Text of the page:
Photographing Koi carp and other fish

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Last updated August 2014

Taking high quality photos of Nishigoi
Common mistakes
Obtaining a pin-sharp image and using pre-focus for photographing Koi carp
Getting the right exposure when photographing Koi and other fish
What you need to photograph Koi and other pond fish
The do’s and don’ts of Koi photography

Taking high quality photos of Nishigoi

Two stunning male Nishigoi: 
a Kohaku (white and red) and a Sanke (white, red, orange, black). Copyright (c) Alec Scaresbrook.
Two stunning male Nishigoi: a Kohaku (white and red) and a Sanke (white, red, orange, black).

Good Koi carp photography doesn’t happen overnight. The saying ‘never work with animals or children’ is as true for photographers as actors; both needing predictability for success. Having photographed ponds, plants and gardens for the past 25 years or so, I’ve learnt how to take the best shots possible. When I began photographing Nishigoi a few years ago for water gardening magazines such as Koi, Ponds & Gardens, I applied the same principles, and in the days of film, I always shot plenty of photos as insurance.

Another male Koi carp - this is an Asagi. Copyright (c) Alec Scaresbrook
Another male Koi carp – this is an Asagi.

Koi keepers have the advantage over professional photographers of being on the spot, so they can study their pond from all angles at different times of day and wait for the best conditions. Ideally (although not always possible), wait for a bright day when a thin veil of cloud covers the sun to produce a diffused and shadowless light. Bright sunshine casts dark shadows, and this type of light is a problem because the film can’t record details from the darkest and lightest areas of a scene.

On a sunny day you will also find shadows of nearby objects across the pond, spoiling the photo completely. Sometimes you can move the items casting the shadow, but can’t do much about a pergola, tree or telegraph pole. It’s better to wait for a cloudy sky, or for a large section of the pond to be thrown into shadow and then photograph in this area.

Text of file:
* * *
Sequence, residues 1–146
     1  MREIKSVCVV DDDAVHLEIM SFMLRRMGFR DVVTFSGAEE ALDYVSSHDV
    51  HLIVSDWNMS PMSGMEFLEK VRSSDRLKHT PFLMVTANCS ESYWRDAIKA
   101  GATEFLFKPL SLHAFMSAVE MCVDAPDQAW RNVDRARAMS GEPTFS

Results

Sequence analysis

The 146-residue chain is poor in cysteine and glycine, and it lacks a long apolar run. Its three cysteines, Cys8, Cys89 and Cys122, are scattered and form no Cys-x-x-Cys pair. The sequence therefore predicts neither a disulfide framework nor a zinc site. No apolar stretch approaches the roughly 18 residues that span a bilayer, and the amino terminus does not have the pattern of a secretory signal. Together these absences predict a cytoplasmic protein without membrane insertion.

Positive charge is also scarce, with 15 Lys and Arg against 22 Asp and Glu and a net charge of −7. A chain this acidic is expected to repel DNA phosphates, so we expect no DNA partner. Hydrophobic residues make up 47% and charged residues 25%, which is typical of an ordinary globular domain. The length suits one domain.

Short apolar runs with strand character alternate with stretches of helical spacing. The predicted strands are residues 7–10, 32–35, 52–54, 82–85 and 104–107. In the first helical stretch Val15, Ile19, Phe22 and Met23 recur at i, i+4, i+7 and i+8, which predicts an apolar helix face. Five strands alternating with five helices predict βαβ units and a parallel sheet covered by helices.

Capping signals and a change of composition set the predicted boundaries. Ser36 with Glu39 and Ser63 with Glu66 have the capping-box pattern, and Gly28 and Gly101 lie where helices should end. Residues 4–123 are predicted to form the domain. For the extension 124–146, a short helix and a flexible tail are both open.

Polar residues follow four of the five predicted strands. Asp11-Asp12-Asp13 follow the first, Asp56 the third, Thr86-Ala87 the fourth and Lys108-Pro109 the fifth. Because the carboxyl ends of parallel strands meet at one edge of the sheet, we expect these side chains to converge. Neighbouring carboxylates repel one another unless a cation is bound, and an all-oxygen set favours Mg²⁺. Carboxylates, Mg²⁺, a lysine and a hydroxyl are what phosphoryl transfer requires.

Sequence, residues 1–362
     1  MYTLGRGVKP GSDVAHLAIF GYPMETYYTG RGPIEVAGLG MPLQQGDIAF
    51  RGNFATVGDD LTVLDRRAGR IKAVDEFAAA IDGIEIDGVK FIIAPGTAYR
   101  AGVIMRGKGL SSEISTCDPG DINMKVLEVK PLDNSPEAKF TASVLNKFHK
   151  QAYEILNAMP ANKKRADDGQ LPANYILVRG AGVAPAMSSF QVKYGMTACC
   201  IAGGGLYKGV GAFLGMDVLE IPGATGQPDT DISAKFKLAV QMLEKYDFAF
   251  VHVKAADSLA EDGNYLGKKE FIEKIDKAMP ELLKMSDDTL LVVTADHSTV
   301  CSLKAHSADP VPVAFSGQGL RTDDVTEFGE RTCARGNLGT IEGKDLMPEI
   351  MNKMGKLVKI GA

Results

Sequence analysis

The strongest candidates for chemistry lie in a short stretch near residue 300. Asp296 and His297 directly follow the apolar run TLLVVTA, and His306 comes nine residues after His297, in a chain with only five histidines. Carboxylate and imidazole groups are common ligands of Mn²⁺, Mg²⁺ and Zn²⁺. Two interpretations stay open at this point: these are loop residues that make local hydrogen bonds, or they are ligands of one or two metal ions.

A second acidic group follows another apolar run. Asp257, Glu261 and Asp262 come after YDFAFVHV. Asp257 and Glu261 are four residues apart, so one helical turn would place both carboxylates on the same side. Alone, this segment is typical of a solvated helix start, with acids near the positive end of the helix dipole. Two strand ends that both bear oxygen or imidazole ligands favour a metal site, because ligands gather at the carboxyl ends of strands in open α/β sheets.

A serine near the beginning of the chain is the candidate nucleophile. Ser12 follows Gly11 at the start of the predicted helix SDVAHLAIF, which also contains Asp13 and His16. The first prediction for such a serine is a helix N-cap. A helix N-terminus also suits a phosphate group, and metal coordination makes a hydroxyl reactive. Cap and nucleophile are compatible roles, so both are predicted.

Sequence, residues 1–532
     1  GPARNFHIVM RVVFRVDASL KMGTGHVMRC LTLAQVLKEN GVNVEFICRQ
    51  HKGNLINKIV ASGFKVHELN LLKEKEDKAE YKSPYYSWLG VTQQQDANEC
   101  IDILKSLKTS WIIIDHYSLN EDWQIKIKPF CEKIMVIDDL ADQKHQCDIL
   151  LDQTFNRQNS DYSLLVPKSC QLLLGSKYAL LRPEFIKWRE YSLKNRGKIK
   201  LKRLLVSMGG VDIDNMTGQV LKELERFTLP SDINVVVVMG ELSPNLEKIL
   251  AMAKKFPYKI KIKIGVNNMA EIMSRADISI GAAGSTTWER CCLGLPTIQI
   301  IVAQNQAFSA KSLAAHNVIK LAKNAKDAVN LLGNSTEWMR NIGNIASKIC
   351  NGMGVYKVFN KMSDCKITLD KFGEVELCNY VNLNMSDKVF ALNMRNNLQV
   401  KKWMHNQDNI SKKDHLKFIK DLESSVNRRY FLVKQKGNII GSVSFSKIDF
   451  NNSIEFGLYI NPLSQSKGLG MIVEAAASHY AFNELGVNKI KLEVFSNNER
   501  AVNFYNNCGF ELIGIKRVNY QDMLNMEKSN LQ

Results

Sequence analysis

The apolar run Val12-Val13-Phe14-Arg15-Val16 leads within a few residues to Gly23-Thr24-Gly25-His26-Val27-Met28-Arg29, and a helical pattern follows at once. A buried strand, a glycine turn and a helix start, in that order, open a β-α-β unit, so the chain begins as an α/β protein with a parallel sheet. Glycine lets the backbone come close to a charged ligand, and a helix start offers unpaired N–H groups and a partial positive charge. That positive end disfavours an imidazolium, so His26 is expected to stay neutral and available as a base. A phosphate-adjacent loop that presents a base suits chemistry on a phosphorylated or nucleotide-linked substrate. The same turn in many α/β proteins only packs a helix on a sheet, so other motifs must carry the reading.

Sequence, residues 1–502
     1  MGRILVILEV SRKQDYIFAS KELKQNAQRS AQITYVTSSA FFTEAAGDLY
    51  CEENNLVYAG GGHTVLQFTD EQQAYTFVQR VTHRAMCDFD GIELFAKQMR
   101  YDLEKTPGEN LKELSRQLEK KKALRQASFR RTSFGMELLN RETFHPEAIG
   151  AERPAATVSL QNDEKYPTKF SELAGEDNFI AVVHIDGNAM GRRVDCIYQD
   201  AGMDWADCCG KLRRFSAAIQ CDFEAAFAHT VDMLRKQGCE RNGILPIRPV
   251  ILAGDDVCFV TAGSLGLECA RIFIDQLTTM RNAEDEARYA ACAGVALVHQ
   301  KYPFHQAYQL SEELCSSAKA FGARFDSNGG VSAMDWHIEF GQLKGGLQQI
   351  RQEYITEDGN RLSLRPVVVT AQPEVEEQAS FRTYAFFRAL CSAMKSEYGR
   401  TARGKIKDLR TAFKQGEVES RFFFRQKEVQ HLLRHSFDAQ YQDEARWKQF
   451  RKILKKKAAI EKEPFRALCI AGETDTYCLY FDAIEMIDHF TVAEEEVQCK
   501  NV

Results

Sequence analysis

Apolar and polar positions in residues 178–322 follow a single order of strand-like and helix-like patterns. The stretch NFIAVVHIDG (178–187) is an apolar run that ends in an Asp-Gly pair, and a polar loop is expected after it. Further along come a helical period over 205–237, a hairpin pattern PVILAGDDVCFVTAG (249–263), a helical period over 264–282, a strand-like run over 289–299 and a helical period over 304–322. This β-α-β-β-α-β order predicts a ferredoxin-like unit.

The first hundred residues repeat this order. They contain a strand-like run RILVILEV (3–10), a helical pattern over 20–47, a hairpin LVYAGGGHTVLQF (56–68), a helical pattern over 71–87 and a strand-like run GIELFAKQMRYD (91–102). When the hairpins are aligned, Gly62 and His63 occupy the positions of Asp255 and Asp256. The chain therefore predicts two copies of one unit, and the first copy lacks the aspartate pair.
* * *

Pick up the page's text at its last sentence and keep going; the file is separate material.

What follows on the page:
I’ve always photographed fish in their ponds rather than bowled up. This has been either because of time considerations or the owners’ reluctance to net their precious pets any more than strictly necessary. Some fish have rarely been bowled up, so to avoid stressing them and the owners, I keep to pond photography.

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Common mistakes

Having looked at the photos of Koi taken by proud owners, I’ve noticed some common mistakes:

  • fish that are too small in the picture
  • blurred images
  • muddled scenes
  • distorted images (due to fish being too deep in the water)
  • fish blending in with the background
  • distracting reflections and dark shadows
  • inaccurate colours.

These mistakes can all be easily avoided with a little thought and attention to detail.

This photo of Koi (Sanke, Tancho Sanke, Doitsu Kujaku, Kujaku and Kohaku) is muddled, over exposed and the leaf reflections and shadows are distracting. Copyright (c) Alec Scaresbrook.
This photo of Koi (Sanke, Tancho Sanke, Doitsu Kujaku, Kujaku and Kohaku) is muddled, over exposed and the leaf reflections and shadows are distracting.

Some problems relate to composition, others to camera settings. Some are difficult to resolve, such as photographing dark fish against a dark liner. The only answer here is to bowl up the fish.

If you’re at the planning stage of your pond, you could keep photography in mind and consider using a blue or pale liner instead of black. However, you’ll probably still have to scrub the surface before a photo session to make sure that your Koi show up well.

Apart from the problem of isolating a particular Koi in the scene, which only plenty of time can achieve, the main technical aspects are achieving the correct exposure and removing reflections on the water’s surface to obtain a good image with the correct colours.

Dark coloured Koi are very difficult to photograph against a dark liner.  In this photograph the fish is too deep in the water and too small in the picture. At least this Shiro Utsuri has plenty of white to show it up, but this photo doesn't do justice to this prize-winning female. Copyright (c) Alec Scaresbrook.